Hatoyama Kunio’s ridiculous argument

Prime Minister Fukuda and DPJ President Ozawa met this morning in advance of their debate in the Diet that is scheduled for Wednesday. The leaders, Asahi reports, were scheduled to discuss an extension of the Diet session to the end of November and the MSDF refueling mission, just as the MSDF refuels its last coalition warships (for the time being).

I wonder whether the discussion touched on the DPJ’s growing list of potential targets for censure motions — now said to include Mr. Fukuda himself — and the more troubling matter of Justice Minister Hatoyama Kunio’s perplexing admission that a friend of a friend is a member of Al Qaeda, who supposedly provided Mr. Hatoyama with a tip to avoid Bali in October 2002.

Mr. Hatoyama — once described in a Shukan Bunshun article as Mr. Fukuda’s “loyal dog Hachiko” despite his close support of Mr. Aso — was trying to justify plans to implement a system for fingerprinting foreigners upon entering Japan by suggesting that such a system would prevent his friend’s friend from entering Japan.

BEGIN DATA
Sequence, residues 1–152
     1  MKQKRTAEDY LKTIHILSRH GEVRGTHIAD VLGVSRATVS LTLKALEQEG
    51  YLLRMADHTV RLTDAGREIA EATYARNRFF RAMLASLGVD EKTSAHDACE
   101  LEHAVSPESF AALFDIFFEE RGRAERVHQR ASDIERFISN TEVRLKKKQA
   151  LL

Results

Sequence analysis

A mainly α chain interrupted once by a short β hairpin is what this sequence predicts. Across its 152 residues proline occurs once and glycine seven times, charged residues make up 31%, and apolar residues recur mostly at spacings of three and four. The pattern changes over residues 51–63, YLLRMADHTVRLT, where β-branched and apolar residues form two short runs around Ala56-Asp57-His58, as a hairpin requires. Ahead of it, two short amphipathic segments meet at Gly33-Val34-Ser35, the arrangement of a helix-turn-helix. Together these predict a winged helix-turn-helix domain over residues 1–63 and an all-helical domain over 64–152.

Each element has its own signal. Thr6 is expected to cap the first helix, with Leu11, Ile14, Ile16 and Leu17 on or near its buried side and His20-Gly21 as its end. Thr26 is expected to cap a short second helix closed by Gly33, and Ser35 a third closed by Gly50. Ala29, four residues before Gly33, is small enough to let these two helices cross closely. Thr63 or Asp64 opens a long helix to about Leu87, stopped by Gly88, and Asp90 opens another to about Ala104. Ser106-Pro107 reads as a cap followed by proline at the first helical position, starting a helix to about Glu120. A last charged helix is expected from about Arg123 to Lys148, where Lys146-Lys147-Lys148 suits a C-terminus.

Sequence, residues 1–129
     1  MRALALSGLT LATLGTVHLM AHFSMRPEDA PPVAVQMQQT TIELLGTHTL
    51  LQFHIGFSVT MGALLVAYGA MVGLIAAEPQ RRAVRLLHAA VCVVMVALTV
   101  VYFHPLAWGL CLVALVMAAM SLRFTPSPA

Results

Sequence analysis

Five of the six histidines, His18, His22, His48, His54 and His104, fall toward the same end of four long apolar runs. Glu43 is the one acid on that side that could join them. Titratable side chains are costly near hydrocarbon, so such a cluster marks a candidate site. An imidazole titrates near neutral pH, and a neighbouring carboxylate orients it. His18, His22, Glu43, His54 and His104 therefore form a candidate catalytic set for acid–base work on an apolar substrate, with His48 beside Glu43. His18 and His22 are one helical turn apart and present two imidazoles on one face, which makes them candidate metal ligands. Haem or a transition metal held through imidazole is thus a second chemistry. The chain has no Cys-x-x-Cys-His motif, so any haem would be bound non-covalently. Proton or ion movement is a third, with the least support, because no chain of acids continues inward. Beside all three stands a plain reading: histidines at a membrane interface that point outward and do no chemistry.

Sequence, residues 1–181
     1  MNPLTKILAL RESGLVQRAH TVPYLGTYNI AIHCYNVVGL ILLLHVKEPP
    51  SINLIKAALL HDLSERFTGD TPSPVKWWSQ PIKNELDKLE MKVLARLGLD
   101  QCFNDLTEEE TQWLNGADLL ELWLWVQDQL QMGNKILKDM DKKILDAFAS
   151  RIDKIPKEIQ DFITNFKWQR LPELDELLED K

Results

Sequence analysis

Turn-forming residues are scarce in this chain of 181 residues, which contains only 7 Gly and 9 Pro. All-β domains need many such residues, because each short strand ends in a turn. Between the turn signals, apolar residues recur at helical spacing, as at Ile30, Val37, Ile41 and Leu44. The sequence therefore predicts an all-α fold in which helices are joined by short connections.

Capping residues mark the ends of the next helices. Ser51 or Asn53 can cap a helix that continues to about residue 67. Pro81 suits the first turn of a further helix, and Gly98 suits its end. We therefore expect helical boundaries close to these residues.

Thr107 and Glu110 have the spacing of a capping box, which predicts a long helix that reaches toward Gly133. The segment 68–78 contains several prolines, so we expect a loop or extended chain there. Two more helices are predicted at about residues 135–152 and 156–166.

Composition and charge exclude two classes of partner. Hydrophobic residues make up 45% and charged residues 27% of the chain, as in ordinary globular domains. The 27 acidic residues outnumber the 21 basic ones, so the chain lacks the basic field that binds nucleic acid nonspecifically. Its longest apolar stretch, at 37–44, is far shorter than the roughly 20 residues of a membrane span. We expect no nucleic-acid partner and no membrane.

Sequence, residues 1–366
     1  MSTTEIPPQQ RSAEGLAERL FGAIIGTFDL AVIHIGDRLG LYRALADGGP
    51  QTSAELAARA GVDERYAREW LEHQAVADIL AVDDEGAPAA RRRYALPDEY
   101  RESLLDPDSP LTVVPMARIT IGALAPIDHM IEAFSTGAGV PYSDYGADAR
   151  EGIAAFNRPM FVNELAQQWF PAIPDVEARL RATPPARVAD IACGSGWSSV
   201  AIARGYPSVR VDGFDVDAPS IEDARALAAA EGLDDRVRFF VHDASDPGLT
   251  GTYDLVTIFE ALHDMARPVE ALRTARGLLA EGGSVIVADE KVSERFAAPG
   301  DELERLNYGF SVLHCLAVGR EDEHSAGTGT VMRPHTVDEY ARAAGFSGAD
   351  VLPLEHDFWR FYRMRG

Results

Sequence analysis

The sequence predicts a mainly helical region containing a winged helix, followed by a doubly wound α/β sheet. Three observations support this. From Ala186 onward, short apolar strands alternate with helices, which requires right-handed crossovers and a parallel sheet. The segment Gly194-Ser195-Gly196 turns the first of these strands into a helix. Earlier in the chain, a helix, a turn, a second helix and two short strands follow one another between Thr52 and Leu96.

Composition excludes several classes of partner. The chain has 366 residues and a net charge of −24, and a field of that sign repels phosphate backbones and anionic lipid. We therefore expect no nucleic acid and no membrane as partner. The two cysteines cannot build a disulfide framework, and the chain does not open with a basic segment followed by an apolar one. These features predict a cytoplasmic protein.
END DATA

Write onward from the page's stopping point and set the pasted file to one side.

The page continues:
Is Mr. Hatoyama really so lacking in common sense as to fail to see why the example he used to support this dubious proposition is problematic (to say the least)?

Apparently he has some clue that it was probably the wrong thing to say, as Mr. Hatoyama has apologized for giving the impression that he knows a member of Al Qaeda, claiming that he can’t trust his friend’s information. But will an apology be enough to keep Mr. Hatoyama off the DPJ’s little list? A censure motion against Mr. Hatoyama might actually be appropriate, given his incredible lack of judgment.

If his friend suggested that he knew a member of Al Qaeda, wouldn’t a sitting member of the Diet feel strongly about finding out whether there was any truth to the idea and putting the resources of the Japanese state to work finding and apprehending this person? And if he inquired further and found there was no truth to it, but still said it aloud, doesn’t that show him to have a lack of judgment rendering him unfit to serve as, of all things, minister of justice?

2 thoughts on “Hatoyama Kunio’s ridiculous argument

  1. \”Is Mr. Hatoyama really so lacking in common sense as to fail to see why the example he used to support this dubious proposition is problematic (to say the least)?\”Yes.


  2. AC

    Based on nothing more than a hunch, I\’ll predict that fraternal loyalty between the Hatoyama brothers will preclude the DPJ from going so far as to censure Kunio. Let\’s face it — as dumb as that statement was, the DPJ has plenty of other ammunition out there to use against the LDP right now.


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